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What is the nature of the Islamic movement in Indonesia, and how large is it likely to grow? This question is gaining the attention of many U.S. policy makers as the anti-terror campaign continues in the aftermath of the Bali bombing that killed about 190 people. The Asia Program hosted three speakers to give their views on how Islamic parties are expressing their convictions and winning adherents in Indonesia’s still-young democracy.

William Liddle of Ohio State University started out the discussion with an overview of political Islam in Indonesia since independence in 1945. While this long-term view shows Islamic parties have declined, recent trends are pointing toward a possible reinsurgence. For example, 71% of survey respondents in 2002 agreed “that the state should require all Muslim men and women to abide by the syariat (Islamic law).” According to Liddle, this suggests that “millions of Indonesians may be more susceptible to the appeals of the Islamists than observers have previously thought.” However, Liddle pointed out that these results have been sensationalized to some extent in the United States; in Indonesia, syariat is rather loosely defined and perceived (somewhat like the 10 Commandents). Political Islamists, indeed, have a far more specific (and sometimes draconian) idea of what syariat means¾but they are a small percentage of the whole Indonesian Muslim population.

“Zul” Zulkieflimansyah, a young leader and activist in the Islamic Justice (PK) Party pointed out that his party is small but growing, with college-educated leaders (Zul himself has a Ph.D. in economics from a British university) and high school–educated voters. In Indonesia’s corrupt political system, the Justice Party is building upon its reputation for solidarity, integrity and clean government, as Zul explained. However, he did not get into the specifics of how his Islamic party differs from a secular one, in terms of particular policy goals. Rather than try to impose Islamic law on Indonesia, Zul maintained, the Justice party aims to spread its ideals gradually through Islamic values of tolerance and peace---which are also universal. He mentioned the extreme difficulty of explaining to mosque leaders the importance of technology and economic development.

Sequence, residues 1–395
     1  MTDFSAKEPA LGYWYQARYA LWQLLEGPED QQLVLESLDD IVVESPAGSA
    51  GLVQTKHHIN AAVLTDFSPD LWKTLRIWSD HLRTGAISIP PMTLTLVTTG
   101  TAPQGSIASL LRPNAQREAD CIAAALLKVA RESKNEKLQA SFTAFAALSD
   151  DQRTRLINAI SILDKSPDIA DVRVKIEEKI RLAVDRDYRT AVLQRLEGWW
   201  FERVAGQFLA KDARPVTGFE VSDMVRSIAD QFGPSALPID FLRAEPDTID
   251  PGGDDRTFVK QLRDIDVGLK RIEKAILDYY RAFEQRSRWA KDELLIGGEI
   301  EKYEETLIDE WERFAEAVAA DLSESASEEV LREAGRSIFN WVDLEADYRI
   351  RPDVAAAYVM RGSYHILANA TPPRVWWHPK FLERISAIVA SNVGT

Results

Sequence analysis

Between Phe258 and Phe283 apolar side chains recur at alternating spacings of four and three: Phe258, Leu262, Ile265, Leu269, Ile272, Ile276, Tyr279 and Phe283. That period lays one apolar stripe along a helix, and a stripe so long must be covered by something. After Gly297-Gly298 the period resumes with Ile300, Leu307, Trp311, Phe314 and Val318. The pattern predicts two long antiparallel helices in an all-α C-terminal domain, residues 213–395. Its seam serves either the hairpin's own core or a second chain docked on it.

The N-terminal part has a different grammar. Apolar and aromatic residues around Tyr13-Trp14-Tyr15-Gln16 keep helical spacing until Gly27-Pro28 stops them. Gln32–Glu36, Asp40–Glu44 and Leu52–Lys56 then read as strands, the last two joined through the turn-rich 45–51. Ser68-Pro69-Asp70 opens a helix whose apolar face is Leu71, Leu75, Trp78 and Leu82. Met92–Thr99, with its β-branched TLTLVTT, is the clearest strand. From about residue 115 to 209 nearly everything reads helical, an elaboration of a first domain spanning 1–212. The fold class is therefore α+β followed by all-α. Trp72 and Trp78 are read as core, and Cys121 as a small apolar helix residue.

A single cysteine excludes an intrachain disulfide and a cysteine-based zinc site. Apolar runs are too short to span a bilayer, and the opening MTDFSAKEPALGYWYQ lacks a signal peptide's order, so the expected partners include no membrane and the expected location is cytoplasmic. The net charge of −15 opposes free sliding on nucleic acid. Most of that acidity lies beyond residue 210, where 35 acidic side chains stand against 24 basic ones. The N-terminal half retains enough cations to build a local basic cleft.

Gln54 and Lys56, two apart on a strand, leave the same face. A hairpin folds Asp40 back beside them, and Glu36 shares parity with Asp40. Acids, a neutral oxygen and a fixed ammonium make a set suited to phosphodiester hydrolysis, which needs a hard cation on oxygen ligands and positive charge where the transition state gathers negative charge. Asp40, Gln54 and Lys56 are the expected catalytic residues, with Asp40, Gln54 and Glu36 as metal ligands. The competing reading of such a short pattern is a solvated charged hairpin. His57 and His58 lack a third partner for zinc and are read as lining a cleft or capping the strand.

Mohamad Ihsan Alief, a member of the “liberal,” or moderate, Islamic network, emphasized that the majority of Indonesian Muslims are peaceful¾the extremist “threat” often appears greater than it actually is because hardliners tend to get media coverage. According to him, the danger to Indonesian democracy is not religious fundamentalism, but disillusion with dishonest, self-interested leaders. (In this light, he is not against PK’s activities, though he comes from a very different political camp.) He criticized the United States for portraying Indonesia as a “new-founded terrorist camp.” After all, much of the rhetoric of Islamic parties are expressions of “long muted and repressed voices” who are exercising their democratic rights. He also criticized the United States for forcing all Indonesian males in the United States to be interviewed by immigration officers, suggesting that such discriminatory policies only fan anti-Americanism and make the job of democracy-builders all the harder.

Drafted by Amy McCreedy, Asia Program Associate, 202/691-4013
Robert M. Hathaway, Asia Program Director